17So I took the cup from the Lord’s hand and made all the nations to whom he sent me drink it: 18Jerusalem and the towns of Judah, its kings and officials, to make them a ruin and an object of horror and scorn, a curse c —as they are today; 19Pharaoh king of Egypt, his attendants, his officials and all his people, 20and all the foreign people there; all the kings of Uz; all the kings of the Philistines (those of Ashkelon, Gaza, Ekron, and the people left at Ashdod); 21Edom, Moab and Ammon; 22 all the kings of Tyre and Sidon; the kings of the coastlands across the sea; 23Dedan, Tema, Buz and all who are in distant places; 24 all the kings of Arabia and all the kings of the foreign people who live in the wilderness; 25all the kings of Zimri, Elam and Media; 26and all the kings of the north, near and far, one after the other—all the kingdoms on the face of the earth. And after all of them, the king of Sheshak will drink it too.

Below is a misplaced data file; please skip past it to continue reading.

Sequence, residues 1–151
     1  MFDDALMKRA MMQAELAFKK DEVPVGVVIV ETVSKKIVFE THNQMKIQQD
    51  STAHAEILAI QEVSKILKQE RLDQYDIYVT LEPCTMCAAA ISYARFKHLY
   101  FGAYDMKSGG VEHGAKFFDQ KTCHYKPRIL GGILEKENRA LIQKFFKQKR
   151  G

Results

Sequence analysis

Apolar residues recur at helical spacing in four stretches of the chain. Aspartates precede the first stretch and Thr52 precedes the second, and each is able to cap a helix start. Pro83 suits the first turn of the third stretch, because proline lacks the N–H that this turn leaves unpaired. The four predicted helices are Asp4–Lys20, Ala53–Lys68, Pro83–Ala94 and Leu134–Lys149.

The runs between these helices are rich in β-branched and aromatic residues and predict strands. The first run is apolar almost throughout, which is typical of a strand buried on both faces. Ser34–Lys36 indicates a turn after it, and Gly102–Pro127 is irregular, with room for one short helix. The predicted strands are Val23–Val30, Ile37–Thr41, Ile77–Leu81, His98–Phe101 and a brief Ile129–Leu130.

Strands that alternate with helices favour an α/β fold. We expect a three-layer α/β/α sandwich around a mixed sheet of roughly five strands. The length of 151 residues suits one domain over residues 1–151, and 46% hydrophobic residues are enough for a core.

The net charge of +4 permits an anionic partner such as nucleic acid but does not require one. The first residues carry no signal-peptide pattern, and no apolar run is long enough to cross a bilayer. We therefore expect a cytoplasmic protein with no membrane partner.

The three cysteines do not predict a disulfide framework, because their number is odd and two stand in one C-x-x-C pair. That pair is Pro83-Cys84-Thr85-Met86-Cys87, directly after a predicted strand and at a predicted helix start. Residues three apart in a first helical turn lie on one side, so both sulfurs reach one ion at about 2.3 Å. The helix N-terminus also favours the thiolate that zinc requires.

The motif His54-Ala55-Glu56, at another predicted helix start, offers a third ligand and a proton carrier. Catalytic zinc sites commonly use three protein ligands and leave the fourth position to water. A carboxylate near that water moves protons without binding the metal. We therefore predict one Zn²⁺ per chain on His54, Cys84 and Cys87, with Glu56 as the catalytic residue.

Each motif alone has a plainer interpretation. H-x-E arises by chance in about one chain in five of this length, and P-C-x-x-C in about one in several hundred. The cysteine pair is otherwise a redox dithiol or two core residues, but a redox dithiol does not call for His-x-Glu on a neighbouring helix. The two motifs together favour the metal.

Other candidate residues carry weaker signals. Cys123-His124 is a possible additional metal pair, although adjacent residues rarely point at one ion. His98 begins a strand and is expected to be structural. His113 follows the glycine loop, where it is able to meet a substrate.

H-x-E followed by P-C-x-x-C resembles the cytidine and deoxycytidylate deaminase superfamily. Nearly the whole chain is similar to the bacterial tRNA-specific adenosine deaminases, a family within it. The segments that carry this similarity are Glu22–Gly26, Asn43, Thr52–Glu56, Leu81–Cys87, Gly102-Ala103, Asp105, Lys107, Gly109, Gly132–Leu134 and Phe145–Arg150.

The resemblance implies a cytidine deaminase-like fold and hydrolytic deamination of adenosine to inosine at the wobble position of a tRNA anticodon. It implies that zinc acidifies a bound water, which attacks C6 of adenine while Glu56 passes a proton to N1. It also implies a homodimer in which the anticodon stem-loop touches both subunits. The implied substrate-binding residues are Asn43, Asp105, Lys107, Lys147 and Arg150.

Logistically speaking, this was impossible for Jeremiah to literally accomplish all these running around.
Does Jeremiah literally visit the nations and hand them the cup of God's wrath?
No. The whole passage was partly a vision and partly symbolic.